5 SHAKE and the MD of constrained polymer systems, 1975–1977

“In early 1975,” Ryckaert recalls, “besides me, there were many scientific visitors at CECAM on temporary contracts, including many Italian chemists and physicists, such as Jacucci, Ciccotti but also Wanda Andreoni, Giuseppe Suffritti, and Mario Raimondi.”Footnote 57 The specialties of these researchers were quite varied, all related to scientific problems requiring heavy numerical computation, ranging from quantum chemistry to liquid and solid-state physics.

We had many opportunities to meet in the cafeteria on the lower floor of the building where CECAM was located, especially at lunchtime. I was the only Belgian at the time, and it was quite natural for me to integrate myself into the Italian community working there. Most of us researchers were very busy with our own research programs and already channeled into various collaborations. In all this, Giovanni Ciccotti was quite different, very open and flexible, and this was because of his irrepressible curiosity: he was eager to know more about what I was doing, in detail. Personally, and despite the many visitors, I was a bit isolated in the scientific life of CECAM, and so I was happy with this unexpected and new scientific contact. This opportunity allowed me to explain to Giovanni what I was doing, including the various pitfalls I was encountering at that crucial moment in my doctoral research. The hope, of course, was that my connection with him would lead to some key indications on how to solve them.Footnote 58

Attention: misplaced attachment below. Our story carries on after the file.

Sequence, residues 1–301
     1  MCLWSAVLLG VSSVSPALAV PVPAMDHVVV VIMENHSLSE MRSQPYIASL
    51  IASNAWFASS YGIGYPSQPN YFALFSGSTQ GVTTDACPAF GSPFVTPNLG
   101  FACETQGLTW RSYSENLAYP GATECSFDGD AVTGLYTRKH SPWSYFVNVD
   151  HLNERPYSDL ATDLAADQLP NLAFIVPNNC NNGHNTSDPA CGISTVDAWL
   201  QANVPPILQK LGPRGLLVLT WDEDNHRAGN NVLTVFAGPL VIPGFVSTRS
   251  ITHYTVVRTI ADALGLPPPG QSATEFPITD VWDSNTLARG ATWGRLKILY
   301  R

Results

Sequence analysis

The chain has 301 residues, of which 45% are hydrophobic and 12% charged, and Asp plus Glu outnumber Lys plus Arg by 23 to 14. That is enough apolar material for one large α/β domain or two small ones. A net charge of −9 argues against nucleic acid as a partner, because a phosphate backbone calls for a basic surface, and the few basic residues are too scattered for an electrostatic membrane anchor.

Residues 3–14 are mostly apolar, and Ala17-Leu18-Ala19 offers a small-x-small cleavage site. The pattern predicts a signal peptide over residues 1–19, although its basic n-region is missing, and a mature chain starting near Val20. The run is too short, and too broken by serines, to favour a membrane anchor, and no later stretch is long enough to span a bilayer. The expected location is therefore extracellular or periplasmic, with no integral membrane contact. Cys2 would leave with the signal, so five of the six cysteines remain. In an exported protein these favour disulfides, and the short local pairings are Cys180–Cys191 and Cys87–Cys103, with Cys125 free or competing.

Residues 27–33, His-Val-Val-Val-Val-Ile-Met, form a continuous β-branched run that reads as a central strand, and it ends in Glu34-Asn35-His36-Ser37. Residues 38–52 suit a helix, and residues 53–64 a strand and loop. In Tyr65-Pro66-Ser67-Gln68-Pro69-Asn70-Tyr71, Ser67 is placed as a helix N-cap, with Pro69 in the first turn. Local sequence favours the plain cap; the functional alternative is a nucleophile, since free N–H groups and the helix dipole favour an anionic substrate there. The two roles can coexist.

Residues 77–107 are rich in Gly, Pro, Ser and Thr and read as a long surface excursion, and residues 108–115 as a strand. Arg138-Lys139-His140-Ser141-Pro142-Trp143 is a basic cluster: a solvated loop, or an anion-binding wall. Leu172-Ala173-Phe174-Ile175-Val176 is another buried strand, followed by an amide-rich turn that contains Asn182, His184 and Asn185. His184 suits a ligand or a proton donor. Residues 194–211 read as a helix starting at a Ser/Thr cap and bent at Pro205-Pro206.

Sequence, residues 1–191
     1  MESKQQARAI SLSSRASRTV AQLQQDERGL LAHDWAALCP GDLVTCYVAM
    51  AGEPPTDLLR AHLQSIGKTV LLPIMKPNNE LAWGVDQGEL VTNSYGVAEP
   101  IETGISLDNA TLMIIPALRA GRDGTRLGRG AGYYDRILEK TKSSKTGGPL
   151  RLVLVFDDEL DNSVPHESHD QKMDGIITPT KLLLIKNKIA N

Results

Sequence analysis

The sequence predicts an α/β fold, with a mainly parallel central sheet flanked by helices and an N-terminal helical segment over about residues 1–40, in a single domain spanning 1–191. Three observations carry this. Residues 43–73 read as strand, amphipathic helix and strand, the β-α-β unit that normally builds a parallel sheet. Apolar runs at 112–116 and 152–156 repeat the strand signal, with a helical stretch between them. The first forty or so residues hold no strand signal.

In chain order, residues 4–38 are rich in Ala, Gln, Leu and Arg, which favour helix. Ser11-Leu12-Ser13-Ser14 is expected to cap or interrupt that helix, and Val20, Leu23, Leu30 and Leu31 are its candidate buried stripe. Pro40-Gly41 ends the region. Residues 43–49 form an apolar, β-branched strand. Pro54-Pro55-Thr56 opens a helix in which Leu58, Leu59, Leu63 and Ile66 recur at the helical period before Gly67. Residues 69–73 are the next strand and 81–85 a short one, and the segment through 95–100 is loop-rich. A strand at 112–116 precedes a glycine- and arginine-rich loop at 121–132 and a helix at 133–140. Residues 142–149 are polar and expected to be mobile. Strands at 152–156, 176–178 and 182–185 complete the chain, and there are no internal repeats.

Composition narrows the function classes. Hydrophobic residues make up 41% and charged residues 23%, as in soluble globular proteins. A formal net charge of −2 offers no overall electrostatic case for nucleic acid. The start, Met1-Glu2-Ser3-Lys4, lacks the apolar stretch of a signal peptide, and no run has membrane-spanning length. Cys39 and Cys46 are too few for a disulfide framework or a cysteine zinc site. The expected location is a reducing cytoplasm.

An understanding immediately arose between the two. “Our first scientific discussion,” Ryckaert recalled in conversation with the author, “lasted perhaps two hours, but I remember only two points very well. One of the first questions Giovanni asked me was: ‘What is an alkane?’ This question, so open-ended and out of the blue, puzzled me and confirmed my impression that he was indeed a pure statistical mechanics theorist.” The second point is even more curious, revealing Ciccotti’s very colorful and impulsive character. “When I told him that there was a drift in constraint satisfaction in my MD trajectories,” notes Ryckaert, “and that I reset the coordinates from time to time to restore constraint satisfaction, he literally yelled at me: ‘This is outrageous! It is a disgrace to treat the work of Newton and Lagrange in this way!’”.Footnote 59